When I saw the floating lanterns during the Obon Festival, I thought it was very pretty how they bobbed up and down in the river. Even if we move away from Yanagawa after we grow up, I wanted people to look at this lap blanket and remember this place where we were born and raised.
Naotaro Otsuki, 6th grade
“Exploration in the Camouflage Forest”
Please close your eyes and imagine what it would be like to take a deep breath in a forest like this. If it were me, I’d really be energized by it. It would also make me brave. That’s because it’s the colors of the peace recovery squad.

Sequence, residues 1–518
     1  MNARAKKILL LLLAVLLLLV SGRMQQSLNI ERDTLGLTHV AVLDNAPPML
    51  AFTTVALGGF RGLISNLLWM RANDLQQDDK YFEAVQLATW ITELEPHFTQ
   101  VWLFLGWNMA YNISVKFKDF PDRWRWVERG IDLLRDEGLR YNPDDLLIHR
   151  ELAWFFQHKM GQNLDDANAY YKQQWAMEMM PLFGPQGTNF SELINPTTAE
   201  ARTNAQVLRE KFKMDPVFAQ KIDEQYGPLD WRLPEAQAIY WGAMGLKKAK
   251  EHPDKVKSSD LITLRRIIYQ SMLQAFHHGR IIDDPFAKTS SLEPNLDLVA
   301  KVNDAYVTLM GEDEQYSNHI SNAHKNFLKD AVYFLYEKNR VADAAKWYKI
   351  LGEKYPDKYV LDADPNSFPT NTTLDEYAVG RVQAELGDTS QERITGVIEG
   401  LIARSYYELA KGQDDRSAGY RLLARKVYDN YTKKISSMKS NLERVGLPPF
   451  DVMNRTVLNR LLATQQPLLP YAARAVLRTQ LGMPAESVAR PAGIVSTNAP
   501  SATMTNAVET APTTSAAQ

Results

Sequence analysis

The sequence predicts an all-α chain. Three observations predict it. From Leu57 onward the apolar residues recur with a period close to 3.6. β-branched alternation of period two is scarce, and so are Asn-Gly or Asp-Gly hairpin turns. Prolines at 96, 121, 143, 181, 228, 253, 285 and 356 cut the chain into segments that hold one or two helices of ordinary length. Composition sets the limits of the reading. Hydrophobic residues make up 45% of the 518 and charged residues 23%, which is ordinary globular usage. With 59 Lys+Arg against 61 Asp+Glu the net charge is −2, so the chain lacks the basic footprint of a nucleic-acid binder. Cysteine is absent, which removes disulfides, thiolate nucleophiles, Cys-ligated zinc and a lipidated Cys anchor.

The judges selecting the 6 winning student entries (September 2015 at Recruit)
Knitwear presentation ceremony (November 2015 at Yanagawa Elementary School)
Dysun Co., Ltd.
Founded in 1967, Dysun Co., Ltd. manufactures knitwear at its own plant. All phases of production, from textile production and sewing to finishing, are performed on the premises. Dysun also undertakes its own product development and sales, in a quest to respond to the ever-changing needs of users. The company develops products of all kinds using its own 3- to 12-gauge full jacquard and whole garment knitting machines. Sewing is carried out using a group production system. Every group member is a true professional capable of personally performing all processes from cutting to lock-stitching and linking.
Dysun Co., Ltd.